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Powassan Viral Encephalitis

Overview:

Powassan (POW) virus, a North American tick-borne flavivirus related to the Eastern Hemisphere's tick-borne encephalitis viruses, was first isolated from a patient with encephalitis in 1958. From 1958-1998, 27 human POW encephalitis cases were reported from Canada and the northeastern United States. From September 1999-July 2001, four Maine and Vermont residents with encephalitis were found to be infected.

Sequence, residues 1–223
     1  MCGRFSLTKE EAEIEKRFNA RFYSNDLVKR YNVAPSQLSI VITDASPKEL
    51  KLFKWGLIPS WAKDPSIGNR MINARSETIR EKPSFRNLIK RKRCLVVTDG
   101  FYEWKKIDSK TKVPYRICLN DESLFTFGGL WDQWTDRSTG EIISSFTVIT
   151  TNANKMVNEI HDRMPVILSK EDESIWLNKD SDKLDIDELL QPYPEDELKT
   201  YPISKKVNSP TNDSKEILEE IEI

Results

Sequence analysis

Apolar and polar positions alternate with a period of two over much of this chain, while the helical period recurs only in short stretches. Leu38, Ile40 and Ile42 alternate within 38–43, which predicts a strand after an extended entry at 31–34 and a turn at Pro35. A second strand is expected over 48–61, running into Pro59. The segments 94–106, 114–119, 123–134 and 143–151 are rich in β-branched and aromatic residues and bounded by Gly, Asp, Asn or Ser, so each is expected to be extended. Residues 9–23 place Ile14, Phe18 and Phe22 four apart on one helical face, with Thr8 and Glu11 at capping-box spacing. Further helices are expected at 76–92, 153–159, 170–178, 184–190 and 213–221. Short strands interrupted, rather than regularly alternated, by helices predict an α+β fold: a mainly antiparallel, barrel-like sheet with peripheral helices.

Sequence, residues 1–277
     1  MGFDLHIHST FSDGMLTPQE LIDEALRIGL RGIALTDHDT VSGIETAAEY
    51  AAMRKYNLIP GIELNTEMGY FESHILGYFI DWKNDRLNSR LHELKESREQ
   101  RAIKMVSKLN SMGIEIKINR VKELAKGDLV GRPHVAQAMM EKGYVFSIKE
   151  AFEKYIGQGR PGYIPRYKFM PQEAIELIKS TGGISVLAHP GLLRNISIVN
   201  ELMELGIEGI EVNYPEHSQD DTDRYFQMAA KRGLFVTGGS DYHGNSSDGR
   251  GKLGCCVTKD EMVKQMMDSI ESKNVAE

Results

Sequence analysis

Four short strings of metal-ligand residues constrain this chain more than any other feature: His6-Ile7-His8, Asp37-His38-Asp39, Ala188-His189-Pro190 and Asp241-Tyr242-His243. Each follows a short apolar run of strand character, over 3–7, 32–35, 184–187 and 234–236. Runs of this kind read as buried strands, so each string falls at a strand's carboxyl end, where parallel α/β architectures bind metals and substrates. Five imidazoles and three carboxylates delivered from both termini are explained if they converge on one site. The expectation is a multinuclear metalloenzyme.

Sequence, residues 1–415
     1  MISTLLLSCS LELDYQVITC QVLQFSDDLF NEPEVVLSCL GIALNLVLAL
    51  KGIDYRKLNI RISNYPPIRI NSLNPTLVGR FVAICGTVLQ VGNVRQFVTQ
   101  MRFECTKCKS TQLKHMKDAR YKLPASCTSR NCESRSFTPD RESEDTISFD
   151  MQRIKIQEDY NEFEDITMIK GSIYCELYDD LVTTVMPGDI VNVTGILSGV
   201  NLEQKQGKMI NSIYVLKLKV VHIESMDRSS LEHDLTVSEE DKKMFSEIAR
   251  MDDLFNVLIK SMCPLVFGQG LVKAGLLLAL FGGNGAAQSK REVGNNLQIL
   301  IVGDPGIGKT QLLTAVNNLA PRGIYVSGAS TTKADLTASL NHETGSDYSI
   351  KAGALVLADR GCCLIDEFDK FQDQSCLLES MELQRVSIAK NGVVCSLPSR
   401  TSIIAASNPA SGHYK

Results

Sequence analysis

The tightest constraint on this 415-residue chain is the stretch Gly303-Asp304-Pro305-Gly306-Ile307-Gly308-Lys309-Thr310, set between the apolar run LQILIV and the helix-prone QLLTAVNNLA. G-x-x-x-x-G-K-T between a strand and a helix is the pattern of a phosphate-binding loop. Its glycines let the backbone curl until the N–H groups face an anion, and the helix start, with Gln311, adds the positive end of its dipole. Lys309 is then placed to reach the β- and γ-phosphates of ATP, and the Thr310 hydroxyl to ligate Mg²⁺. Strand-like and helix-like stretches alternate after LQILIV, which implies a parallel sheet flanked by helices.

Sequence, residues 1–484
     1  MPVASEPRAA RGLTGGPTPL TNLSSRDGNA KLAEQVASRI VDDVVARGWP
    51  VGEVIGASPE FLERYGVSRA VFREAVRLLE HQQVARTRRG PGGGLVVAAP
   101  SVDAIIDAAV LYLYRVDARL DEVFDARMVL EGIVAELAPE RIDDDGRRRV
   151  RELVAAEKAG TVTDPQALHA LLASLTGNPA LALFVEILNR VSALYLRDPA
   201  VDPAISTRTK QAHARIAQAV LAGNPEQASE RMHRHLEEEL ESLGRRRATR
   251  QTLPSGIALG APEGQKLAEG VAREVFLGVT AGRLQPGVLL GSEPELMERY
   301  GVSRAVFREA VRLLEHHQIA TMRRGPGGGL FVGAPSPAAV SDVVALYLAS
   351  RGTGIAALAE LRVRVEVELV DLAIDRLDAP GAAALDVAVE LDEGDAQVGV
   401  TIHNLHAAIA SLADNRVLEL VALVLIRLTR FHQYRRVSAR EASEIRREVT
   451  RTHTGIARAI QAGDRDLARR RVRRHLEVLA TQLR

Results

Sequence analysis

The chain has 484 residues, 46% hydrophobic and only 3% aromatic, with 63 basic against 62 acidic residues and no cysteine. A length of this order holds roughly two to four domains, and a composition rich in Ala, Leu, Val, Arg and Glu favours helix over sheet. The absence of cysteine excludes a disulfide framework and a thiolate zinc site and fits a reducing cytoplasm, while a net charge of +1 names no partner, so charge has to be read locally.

There is no vaccine or specific therapy for Powassan encephalitis. 
 

Vector:

Woodchuck Tick (Ixodes cookei)
 

Causative Agent:

Flavivirus (specific strain)
 

Endemic Area:

Eastern and Western States including Dutchess County, NY
 

Incubation Period:

7-14 days
 

Classic Symptoms:

Fever
Meningoencephalitis
10% fatality rate
50% Neurological sequelae
 

Lab Test(s):

Serology
 

Treatment:

None
 

Search the Center for Disease Control, The National Institute of Health or PubMed for more information on Powassan Viral Encephalitis.
 

Source: Dutchess County DOH, National Institute of Health

 

 

 

 

 

 

 


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